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As state after state has passed restrictive reproductive care legislation, Colorado has become an island of abortion protections, surrounded on three sides by states with highly restrictive reproductive care laws — and not for the first time.

Most abortions are banned in at least 14 states, with many more severely limited reproductive rights. According to National Public Radio (NPR), “Abortion is currently illegal or heavily restricted in at least 15 states following the Supreme Court’s historic decision in June to overturn Roe v. Wade. That total includes states with near-total bans on abortion as well as those with bans at roughly six weeks gestational age, or after the detection of fetal cardiac activity.” Which is before most women even know they are pregnant.

As a result of the 2023 legislative session, Colorado now has some of the strongest laws in the nation, joining a smaller group of states taking stronger steps to preserve abortion rights after the Supreme Court overturned federal abortion protections in the Dobbs v. Jackson Women’s Health Organization ruling in June, 2022.

Three bills originating in the Colorado Senate offer a package of protections:

  • Senate Bill 188 protects patients and providers of abortion and gender-affirming services in Colorado from penalties from other states.
  • Senate Bill 189 expands health insurance coverage for abortion, sterilization and treatment of sexually transmitted diseases.
  • Senate Bill 190 prohibits what sponsors deem to be deceptive advertising and the use of abortion “reversal” pills in crisis pregnancy centers.

Colorado was also one of the first states to direct agencies to withhold medical records from states seeking to impose criminal or civil penalties on those who receive or provide abortions.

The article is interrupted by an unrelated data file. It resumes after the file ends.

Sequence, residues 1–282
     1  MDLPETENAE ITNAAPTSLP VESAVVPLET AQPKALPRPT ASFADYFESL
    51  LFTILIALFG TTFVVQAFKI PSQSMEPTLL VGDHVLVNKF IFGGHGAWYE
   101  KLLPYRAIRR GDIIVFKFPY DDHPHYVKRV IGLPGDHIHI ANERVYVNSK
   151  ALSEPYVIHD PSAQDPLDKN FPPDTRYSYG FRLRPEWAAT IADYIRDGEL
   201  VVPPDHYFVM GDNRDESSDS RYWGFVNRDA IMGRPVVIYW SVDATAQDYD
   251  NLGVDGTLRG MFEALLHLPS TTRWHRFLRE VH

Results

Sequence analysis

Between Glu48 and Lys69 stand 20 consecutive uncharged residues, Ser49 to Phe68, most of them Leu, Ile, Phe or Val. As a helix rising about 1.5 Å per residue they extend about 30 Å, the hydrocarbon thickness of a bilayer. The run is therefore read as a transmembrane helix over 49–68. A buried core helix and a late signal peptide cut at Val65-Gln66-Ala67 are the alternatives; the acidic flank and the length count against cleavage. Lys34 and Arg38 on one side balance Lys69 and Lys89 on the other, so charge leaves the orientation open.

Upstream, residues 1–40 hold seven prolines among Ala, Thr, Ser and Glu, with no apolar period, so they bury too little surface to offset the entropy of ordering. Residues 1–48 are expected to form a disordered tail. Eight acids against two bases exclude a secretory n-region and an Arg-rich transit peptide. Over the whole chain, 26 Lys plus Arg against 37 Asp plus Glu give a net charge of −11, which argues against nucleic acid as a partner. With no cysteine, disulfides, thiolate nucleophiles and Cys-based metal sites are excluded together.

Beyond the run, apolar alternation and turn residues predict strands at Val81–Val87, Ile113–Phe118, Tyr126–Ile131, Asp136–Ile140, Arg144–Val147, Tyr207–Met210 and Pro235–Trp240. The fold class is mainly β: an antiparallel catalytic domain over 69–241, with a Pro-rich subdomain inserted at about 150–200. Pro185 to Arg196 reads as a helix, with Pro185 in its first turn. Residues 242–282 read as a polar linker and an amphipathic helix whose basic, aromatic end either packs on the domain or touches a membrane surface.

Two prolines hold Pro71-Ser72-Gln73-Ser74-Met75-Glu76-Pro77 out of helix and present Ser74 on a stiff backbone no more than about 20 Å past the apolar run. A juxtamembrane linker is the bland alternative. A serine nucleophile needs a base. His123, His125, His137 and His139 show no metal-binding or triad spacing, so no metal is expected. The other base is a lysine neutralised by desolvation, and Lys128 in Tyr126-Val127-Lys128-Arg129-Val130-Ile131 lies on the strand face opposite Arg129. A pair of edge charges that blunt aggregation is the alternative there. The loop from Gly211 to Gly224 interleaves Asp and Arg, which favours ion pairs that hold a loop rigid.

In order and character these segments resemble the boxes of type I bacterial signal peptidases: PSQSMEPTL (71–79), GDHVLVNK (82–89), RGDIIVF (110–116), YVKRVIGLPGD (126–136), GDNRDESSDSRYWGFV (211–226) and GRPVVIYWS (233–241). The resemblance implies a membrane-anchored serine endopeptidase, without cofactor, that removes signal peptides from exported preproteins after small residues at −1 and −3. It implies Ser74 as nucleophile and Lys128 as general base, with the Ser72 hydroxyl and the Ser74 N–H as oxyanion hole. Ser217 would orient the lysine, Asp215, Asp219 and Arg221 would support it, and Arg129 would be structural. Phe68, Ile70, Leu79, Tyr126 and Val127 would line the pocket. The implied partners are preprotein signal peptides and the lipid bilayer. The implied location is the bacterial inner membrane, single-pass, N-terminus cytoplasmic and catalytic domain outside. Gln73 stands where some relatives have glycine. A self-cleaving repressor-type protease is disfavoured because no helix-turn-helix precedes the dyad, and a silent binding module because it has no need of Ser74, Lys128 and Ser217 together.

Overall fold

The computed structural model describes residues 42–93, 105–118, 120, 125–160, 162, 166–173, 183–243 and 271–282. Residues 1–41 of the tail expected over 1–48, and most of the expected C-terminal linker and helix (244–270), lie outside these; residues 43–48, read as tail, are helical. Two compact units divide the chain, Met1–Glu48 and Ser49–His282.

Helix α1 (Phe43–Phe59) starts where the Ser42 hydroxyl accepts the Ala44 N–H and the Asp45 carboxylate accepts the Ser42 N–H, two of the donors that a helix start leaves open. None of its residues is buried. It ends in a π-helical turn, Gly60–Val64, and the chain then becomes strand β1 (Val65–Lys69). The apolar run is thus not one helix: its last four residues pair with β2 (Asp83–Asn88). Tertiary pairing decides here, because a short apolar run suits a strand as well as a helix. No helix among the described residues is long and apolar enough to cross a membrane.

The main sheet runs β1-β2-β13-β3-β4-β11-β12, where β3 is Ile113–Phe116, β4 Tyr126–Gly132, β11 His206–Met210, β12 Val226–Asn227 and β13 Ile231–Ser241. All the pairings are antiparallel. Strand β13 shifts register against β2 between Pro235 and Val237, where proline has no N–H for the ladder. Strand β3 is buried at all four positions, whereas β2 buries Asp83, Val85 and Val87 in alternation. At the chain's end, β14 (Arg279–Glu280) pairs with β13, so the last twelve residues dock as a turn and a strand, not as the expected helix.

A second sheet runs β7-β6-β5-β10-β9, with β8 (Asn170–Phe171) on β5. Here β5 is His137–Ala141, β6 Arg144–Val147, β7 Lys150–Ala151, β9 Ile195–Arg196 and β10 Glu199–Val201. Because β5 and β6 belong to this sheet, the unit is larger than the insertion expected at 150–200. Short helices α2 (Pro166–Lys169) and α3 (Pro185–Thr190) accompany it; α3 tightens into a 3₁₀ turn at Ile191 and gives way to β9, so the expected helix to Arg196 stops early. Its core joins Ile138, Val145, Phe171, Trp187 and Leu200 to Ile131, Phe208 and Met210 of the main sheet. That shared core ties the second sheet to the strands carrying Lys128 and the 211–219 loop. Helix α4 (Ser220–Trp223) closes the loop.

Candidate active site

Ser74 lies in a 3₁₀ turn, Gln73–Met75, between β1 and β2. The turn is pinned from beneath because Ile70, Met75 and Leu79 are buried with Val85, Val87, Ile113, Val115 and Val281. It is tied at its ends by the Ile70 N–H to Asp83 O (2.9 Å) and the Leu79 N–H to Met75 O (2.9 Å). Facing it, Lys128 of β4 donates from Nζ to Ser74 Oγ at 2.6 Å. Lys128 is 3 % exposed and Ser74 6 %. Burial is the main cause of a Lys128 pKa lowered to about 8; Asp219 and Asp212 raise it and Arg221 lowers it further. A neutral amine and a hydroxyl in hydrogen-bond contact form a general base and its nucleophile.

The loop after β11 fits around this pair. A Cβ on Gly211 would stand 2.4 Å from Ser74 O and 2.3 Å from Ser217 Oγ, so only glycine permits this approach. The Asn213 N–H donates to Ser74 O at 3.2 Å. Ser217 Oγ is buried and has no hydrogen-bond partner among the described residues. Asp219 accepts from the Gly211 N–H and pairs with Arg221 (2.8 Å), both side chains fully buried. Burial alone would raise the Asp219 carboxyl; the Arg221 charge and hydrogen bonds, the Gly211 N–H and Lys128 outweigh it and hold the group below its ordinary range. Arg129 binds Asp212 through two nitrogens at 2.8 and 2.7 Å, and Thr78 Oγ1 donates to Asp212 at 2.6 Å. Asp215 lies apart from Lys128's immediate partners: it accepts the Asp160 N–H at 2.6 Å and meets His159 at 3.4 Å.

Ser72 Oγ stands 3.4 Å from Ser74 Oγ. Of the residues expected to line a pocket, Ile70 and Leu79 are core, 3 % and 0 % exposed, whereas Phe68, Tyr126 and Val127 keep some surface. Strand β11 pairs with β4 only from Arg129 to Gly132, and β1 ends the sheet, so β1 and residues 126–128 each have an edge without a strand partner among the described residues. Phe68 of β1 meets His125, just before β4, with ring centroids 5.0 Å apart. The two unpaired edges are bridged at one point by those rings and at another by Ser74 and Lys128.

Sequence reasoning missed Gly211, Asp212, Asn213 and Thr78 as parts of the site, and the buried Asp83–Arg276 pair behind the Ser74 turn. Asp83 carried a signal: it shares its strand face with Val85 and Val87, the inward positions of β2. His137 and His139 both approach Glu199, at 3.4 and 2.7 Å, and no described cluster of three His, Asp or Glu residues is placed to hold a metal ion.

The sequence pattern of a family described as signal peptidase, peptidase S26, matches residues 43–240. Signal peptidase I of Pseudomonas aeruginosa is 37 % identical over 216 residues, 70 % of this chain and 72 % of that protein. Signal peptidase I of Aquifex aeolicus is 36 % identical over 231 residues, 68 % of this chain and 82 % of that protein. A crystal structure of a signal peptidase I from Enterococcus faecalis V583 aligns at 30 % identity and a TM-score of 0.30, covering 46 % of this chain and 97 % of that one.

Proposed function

In July 2022, Governor Jared Polis issued an executive order, making Colorado one of only four states with protections for abortion via both executive order and reinforced in state law via SB 188. It prohibits Colorado from recognizing criminal prosecutions or civil lawsuits regarding legally protected abortion care.

Back in 1967, Colorado recognized that there were, even then, certain cases where abortion was a necessary step, and decriminalized those procedures. When Roe v. Wade was recognized as the law of the land, the legislation wasn’t necessary. But now, the state has reclaimed its earlier status as a leader in reproductive rights protections.

For a full list of those states that have completely or severely limited reproductive rights, follow this NPR link:  Note that Montana just this past week has also joined the list of states severely limiting reproductive rights, setting a limit on abortions at six weeks.

For news coverage of the types of emergency situations surrounding miscarriages that are already arising in states like Kansas and Missouri — follow this link.